There is no furniture such as we use in a typical Spanish dwelling, no bedsteads, tables, or chairs. The inmates squat on divans arranged on the floor around the walls of the rooms, and at nighttime they spread their bedding on the floors. Some of the rooms were nicely carpeted with Mexican rugs. My horse must have thought he had come to a suite of stables, for he acted accordingly. He nosed around after grain and hay, whinnied and pawed, and seemed to enjoy himself generally. At last I found the right door, came out into the street and rode to the church to tender my best wishes to the happy couple and bid them adios. When the party emerged from the chapel they seemed to be very much surprised at seeing me. I told my host that I regretted to leave them so early in the day, but had an appointment to keep elsewhere. I would ride slowly out of town so that they could overtake me easily, should they wish to see me later, but nobody came, and after several hours I caught up with my companions.
CHAPTER VIII. WITH THE NAVAJO TRIBE
After a couple of days we came to Fort Wingate, which controls the Navajo Indian Reservation. We camped here for a day to have some repair work done to our wagons, and I took a stroll over the hills after rabbits and returned to camp at nightfall. Don Juan told me that he had been visited by a number of Indians, who had bartered him some blankets and buckskins and he was highly pleased thereat.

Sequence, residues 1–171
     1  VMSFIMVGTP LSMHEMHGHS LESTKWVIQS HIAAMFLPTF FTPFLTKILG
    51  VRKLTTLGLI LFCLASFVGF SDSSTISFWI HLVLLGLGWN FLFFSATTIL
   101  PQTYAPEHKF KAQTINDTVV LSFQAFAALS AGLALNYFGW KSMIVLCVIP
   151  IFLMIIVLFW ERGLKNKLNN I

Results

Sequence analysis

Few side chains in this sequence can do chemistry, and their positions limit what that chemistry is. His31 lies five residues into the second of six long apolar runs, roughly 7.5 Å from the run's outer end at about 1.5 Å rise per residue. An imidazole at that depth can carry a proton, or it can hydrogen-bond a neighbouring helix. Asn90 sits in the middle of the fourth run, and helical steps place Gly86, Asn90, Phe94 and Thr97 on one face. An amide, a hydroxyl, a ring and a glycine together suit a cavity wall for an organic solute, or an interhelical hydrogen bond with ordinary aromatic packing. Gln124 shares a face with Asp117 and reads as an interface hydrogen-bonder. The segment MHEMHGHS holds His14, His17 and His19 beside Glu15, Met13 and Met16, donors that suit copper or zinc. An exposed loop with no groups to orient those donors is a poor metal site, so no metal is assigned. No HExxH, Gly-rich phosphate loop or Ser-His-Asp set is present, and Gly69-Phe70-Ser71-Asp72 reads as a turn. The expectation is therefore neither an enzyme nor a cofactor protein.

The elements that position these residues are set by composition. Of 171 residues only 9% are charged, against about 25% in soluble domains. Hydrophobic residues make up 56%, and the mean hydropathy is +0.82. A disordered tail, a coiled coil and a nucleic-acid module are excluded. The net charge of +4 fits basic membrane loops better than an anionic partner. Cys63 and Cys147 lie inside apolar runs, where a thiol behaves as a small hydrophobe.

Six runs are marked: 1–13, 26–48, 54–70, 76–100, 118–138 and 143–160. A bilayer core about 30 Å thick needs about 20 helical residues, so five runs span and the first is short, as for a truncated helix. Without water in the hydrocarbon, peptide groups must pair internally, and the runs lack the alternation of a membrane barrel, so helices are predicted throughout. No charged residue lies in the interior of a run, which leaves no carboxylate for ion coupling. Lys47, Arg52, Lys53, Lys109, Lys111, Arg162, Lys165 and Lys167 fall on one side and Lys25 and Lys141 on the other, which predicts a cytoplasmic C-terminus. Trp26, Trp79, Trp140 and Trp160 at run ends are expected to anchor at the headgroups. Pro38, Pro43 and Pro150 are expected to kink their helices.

The next morning we started early and traveled until noon. Several Indians had been following us for some time, and as soon as we made camp they squatted at our fire, while others were continually arriving, some afoot, but most of them on horseback. Manuelito, a grand-looking chief, rode into camp on the finest Indian pony I had ever seen. It was beautifully caparisoned; the saddle, bridle, and trappings were covered with silver mountings. This was by far the most gorgeously dressed Navajo I had ever met. He wore tight-fitting knickerbockers of jet-black buckskin, which resembled velvet, with a double row of silver buttons, set as close as possible on the outward seams, from top to bottom. On his legs from knee to ankle he wore homespun woolen stockings and his feet were covered by beaded moccasins of yellow, smoke-tanned buckskin. His bright red calico shirt was literally covered with silver ornaments and his ears were pierced with heavy silver rings, at least three inches in diameter. His wrists and arms were heavy with massive silver bracelets and others, carved from a stone, which resembled jade. About his neck he wore strings of wampum and glass beads, garnets, and bits of turquoise. The turquoise and garnet is found here in places known only to these Indians. His fingers were encircled by many rings, but the finest ornament he possessed was his body belt of great disks of silver, the size of tea saucers. All this jewelry was of a fair workmanship, such as is made by Navajo silversmiths out of coin silver. In fact, these Indians prefer silver to gold for purposes of personal adornment. The blanket which this Indian wore around his waist was worth at least two hundred dollars; never have I seen its equal in beauty of pattern and texture.